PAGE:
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In this era, many businesses have ignored the words or process of due diligence in their dealings with the intention of gaining maximum profits and minimize the cost without caring the ethics in the business or in the supply chain. However, the consequences of this act may filter the whole organization in the most dangerous position in the market. Due diligence is the foundation act that has to be considered by the entire stakeholders who involve in the trade in order to stay longer and uphold their position as well as to remain powerful in the global market. This essay was divided into a few parts to discuss about the link between the supply chain management, business ethics and due diligence. Furthermore, this essay also carries out the discussion about the importance of due diligence, the process of due diligence and the multipurpose of stakeholders as well as the effects of due diligence on unethical trade.
First of all, what is due diligence? According to Howson (2003), due diligence is a process of inquiry or survey made by the potential buyer in order to make sure that they understand exactly what they are buying. This also was supported by Lucier (2002), by defining the process of due diligence "as the care a reasonable, prudent person exercises in the examination and evaluation of risk affecting a business transaction"33. Principally, we can conclude this process of due diligence as a process of careful consideration in order to choose the stakeholders or business dealer. However, according to Mcdonald, Frow and Payne (2011), due diligence is a compulsory process for both shareholders and the organization in order to ensure that the trade are out of risk. This process helps both the shareholders and the organization to examine on the recent performs of procedure and strategies to focus and generate the possible outcome in the future. Businesses that forsake the process of due diligence will have negative impacts on the potential business grow in the market. Doubtless, due diligence process concern the areas of finance, legal, working environment and working conditions, labor, tax, environmental factors, and the market situation of the company (Bing, 1996).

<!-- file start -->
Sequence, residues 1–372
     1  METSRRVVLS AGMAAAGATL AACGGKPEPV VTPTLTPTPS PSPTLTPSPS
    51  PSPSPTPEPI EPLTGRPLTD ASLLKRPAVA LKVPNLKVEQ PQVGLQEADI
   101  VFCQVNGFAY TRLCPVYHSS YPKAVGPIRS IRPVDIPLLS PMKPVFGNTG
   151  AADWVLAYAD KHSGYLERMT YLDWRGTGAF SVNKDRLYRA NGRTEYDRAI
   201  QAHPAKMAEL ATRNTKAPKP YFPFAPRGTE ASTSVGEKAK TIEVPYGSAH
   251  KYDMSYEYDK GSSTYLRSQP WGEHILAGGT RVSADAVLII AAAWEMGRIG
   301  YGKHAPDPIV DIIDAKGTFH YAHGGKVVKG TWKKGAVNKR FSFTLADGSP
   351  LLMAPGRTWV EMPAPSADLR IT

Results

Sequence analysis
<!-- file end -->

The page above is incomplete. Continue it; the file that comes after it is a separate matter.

Supply Chain Management
Secondly, the supply chain management also an important element in the due diligence process. Stahl (2003), "defined supply chains as a set of three or more companies directly linked by one or more of the upstream and downstream flows of products, services, finances and information from a source to a customer" p. 545. Supply Chain management is the administration of a network of interrelated trade engaged in the provision of manufactured goods or service encloses obligatory by the last purchaser in the supply chain. For an understanding, we can define supply chain management as a mixture of art and science that helps to develop the method that the organization used to find out the raw materials which required by the organization in order to produce the goods and services as well as in distribution. There are five basic components in the supply chain management like plan, source, make, deliver and return (Blanchard, 2010). Planning is the main strategic segment of supply chain management in order to manage all the resources that assembled to meet the demands of consumer towards the products or services (Lee and Katzork, 2010). This strategy helps the supply chain remain efficient; reduce costs and delivers high quality and value to the consumer. The second strategy in supply chain management is the source. At this stage, the organization needs to select the dealers who are able to deliver the goods and services by meeting the demands of the organization. The third strategy is known as a manufacturing step of making (Pankow, 2008). This is where the organization plans the work-in-progress activities as production, testing, packing and distribution in order to ensure the quality levels, production output and the employees' productivity. The fourth step in supply chain management is the delivery of goods and services (Collier and Evans, 2011). This is where the organization will direct the reception of orders from customers, build up a system of storehouses and set up an invoicing system to receive payments. The final stage in supply chain management is known as return (Horch, 2009). This return stage is as identified very complicated stage in the supply chain management. The organization needs to create a system for receiving imperfect and surplus goods return by the consumer as well as helping them to solve problems as distribution, maintenance and fixing goods.